North Derbyshire Community NHS Trust Chiropody Department has in place a system for providing annual diabetic foot assessments for all its registered clinic patients. Although this system has been running for some time, it had never been properly audited and its provision was patchy. In 1996 it was decided that the system needed reviewing.
The trust is divided into five localities, and a special interest group was formed with representation from each locality. The inaugural meeting was held in May 1996 and objectives were set.
The special interest group worked with the recommendations of the British Diabetic Association Working Party (1990), the St Vincent Declaration, Edmonds et al (1986) and Boulton and Connor (1988) in mind. All of these emphasised the need for people with diabetes to have their feet checked regularly to prevent the development of long-term foot pathologies, including ulceration and amputation.
Aims of the review
The primary aim of the review was to ensure that the maximum number of people registered with diabetes were seen for annual foot assessment. In order to achieve this, the following objectives were set:
- To determine the total number of people known to have diabetes in North Derbyshire
- To determine the number of people with diabetes registered with the North Derbyshire Chiropody Department
- To close the gap between these two groups.
A further aim was to establish a quality system for annual review which would lead to a consistently high level of assessment.
Results of the review
Numbers of registered patients
The number of patients with diabetes registered on the North Derbyshire Chiropody Department computer system on 16 February 1996 was 3720. However, the Family Health Services Authority did not have any such register of the total number of patients with diabetes in the area. All the local GP practices were therefore contacted and asked whether they would provide a list of all patients with diabetes on their list.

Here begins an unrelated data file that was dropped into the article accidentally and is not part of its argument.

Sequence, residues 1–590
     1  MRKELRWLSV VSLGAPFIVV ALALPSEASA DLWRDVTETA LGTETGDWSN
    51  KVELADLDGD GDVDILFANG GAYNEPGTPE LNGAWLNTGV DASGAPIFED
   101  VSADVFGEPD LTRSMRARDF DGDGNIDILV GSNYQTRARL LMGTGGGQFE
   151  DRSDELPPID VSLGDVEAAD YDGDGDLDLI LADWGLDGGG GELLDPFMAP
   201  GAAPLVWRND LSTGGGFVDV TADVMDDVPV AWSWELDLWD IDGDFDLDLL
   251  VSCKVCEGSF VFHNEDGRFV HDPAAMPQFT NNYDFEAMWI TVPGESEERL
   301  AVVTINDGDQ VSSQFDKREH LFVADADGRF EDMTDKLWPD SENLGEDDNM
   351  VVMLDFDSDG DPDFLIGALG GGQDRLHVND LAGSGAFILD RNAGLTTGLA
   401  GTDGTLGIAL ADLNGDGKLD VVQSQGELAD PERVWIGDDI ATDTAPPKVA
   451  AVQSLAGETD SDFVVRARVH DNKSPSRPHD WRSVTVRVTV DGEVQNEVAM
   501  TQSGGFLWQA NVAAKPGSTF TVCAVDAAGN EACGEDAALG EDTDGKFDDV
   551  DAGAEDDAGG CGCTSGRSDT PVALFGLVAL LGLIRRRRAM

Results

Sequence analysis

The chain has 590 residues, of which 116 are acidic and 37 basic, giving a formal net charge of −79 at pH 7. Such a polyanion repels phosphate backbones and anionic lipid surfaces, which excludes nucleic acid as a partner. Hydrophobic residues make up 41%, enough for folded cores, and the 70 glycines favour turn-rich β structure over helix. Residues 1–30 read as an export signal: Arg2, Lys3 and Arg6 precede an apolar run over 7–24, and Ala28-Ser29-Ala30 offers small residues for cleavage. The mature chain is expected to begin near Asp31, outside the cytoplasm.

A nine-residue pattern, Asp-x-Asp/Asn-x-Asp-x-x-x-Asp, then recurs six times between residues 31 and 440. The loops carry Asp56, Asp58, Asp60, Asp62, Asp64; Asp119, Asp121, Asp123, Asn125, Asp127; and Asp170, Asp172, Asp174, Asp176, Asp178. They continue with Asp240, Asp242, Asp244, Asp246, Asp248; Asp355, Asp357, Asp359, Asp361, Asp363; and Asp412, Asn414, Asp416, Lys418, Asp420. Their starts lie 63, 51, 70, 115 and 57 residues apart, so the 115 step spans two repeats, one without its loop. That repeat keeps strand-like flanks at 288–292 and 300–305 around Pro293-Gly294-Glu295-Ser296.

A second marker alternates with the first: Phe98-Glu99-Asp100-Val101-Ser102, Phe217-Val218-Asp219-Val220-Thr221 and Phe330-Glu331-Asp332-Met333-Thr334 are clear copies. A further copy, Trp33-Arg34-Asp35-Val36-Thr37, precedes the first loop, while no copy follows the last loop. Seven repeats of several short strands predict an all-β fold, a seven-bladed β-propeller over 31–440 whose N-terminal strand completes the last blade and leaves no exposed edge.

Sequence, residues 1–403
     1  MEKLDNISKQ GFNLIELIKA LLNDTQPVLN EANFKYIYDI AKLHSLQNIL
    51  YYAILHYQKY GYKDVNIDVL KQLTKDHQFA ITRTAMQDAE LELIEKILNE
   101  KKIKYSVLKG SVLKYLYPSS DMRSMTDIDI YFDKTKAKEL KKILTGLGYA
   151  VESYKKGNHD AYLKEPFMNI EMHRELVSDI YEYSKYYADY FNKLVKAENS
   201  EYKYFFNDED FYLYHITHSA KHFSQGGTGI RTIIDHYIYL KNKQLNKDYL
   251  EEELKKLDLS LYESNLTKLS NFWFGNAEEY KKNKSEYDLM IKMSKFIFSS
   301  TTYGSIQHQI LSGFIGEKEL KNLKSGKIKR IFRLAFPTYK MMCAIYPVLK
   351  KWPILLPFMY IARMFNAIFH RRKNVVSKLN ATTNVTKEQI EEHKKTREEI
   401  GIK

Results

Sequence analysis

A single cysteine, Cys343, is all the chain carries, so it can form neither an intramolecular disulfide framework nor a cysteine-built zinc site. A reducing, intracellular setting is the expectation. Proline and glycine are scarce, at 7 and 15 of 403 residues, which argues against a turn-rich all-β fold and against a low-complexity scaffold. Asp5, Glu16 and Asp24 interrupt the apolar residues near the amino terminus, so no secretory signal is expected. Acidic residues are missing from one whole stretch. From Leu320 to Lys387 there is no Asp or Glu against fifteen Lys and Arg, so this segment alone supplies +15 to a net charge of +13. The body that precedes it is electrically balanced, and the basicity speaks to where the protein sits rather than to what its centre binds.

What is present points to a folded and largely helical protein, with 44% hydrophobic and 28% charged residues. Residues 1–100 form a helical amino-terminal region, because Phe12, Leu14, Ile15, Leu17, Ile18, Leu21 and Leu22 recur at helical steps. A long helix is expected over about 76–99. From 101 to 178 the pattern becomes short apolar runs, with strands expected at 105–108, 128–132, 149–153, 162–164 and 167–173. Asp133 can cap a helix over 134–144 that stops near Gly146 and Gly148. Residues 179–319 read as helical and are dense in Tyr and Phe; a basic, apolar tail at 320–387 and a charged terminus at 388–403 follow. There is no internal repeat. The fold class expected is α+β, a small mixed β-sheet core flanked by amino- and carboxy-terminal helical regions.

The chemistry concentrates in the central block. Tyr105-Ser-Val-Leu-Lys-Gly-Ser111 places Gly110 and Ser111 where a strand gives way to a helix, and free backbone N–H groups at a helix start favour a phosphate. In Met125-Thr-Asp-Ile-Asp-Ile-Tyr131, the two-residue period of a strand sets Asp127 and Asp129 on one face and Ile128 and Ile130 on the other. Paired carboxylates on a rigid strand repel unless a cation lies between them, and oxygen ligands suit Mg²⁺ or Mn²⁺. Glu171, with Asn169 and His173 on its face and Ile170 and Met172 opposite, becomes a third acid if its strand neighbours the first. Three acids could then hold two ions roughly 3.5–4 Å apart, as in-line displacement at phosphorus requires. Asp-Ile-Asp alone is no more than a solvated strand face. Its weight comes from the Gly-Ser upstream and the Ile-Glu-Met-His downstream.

The feedback from this was very good, with 69% of practices responding, but incomplete feedback meant that it was not possible to determine total numbers.
In four localities, over 70% of people with diabetes known to the practices were being seen in the chiropody department. In one locality, however, less than 55% were being seen. Further investigation revealed that the incidence of diabetes in this area was 50% higher than in some of the other localities. This led to a bid for extra funding to meet this need.
The recall system
The existing aim of the chiropody department was to carry out an annual foot assessment for all people with diabetes registered with the department, recording sensation, circulation and any pathologies. Audit of this service, however, showed there were large variations between localities in meeting this goal.
One locality was meeting the standard and seeing all its patients with diabetes within 12 months of their previous appointment. It did this by booking patients for their next assessment one year hence as part of their assessment. However, it had a 20% non-attendance (DNA) rate, compared with 5% in other areas. In another locality the system for recalling patients had failed almost completely. The average interval between assessments in the other localities was 15 months.
Record keeping and communication
The quality of assessments and the standard of record keeping varied greatly. Staff used different methods of recording results and a variety of assessment tools. A need to review and standardise the system was identified.
We also wanted to improve our communication with other professionals, especially GPs, consultants, patients and their carers/families with regard to the recall system and assessment outcomes.
The first task was to revise our record keeping. After much discussion the diabetic assessment card (Figure 1) was developed. This was designed to be filled in yearly and a copy sent to the patient’s GP, consultant or practice nurse (or any combination of these), updating all relevant health professionals with information concerning the patient’s current foot status.